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J Med Food. 2012 Dec;15(12):1116-23. doi: 10.1089/jmf.2012.0113. Epub 2012 Nov 7.

Relationship between total phenolic content, antioxidant potential, and antiglycation abilities of common culinary herbs and spices.

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1
Department of Health Sciences, Faculty of Science, University of Mauritius, Reduit, Mauritius.

Abstract

Advanced glycation endproducts and oxidative stress contribute to the pathogenesis of diabetic complications. The total phenolic content (TPC), antioxidant, and antiglycation properties of crude ethanolic extracts of 10 common culinary herbs and spices from Mauritius were investigated in vitro. Fluorescence at 370 nm/440 nm was used as an index of albumin glycation. Allium sativum had the highest TPC (3.1 mg GAE/mL), whereas Allium cepa L. showed the highest radical scavenging capacity (72%) and Zingiber officinale had the most potent ferric-reducing antioxidant power (FRAP; 2.99 mg AAE/mL). In contrast, Thymus vulgaris and Petroselinum crispum had the most potent antiglycation activity with IC(50) values of 21.8 and 200 mg/mL, respectively. There was no significant correlation between TPC (r=0.001), FRAP (r=0.161), and the antiglycation activity (r=0.034) for the extracts studied. Therefore, the results showed that antiglycation properties of plant-derived extracts cannot always be attributed to their phenolic content or antioxidant potential.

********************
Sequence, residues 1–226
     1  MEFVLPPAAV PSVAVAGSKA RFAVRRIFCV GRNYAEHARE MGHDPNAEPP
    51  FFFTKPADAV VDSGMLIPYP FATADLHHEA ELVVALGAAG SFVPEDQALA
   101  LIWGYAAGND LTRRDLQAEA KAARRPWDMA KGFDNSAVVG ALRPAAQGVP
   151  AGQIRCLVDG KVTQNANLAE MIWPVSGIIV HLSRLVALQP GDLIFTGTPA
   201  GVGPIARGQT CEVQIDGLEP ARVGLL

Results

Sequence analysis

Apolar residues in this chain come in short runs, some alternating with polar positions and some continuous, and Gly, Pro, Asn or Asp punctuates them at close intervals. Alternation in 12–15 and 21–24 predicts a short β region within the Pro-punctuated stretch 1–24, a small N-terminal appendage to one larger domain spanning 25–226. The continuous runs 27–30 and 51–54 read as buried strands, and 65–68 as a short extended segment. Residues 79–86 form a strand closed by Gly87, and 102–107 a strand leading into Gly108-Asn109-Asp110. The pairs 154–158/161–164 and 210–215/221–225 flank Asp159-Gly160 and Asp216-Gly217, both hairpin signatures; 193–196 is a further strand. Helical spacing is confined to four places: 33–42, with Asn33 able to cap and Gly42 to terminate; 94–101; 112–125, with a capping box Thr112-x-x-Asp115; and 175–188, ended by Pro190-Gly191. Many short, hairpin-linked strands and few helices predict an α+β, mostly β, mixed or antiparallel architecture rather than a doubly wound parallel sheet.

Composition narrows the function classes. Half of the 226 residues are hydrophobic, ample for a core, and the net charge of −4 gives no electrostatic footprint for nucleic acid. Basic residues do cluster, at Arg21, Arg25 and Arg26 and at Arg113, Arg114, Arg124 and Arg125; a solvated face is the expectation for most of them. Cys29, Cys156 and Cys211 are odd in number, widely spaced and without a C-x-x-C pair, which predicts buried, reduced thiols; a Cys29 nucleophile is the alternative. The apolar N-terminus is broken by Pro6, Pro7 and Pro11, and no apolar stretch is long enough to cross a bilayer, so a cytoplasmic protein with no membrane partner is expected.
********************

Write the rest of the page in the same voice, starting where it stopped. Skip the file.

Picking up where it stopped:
PMID:
23134460
DOI:
10.1089/jmf.2012.0113
[Indexed for MEDLINE]

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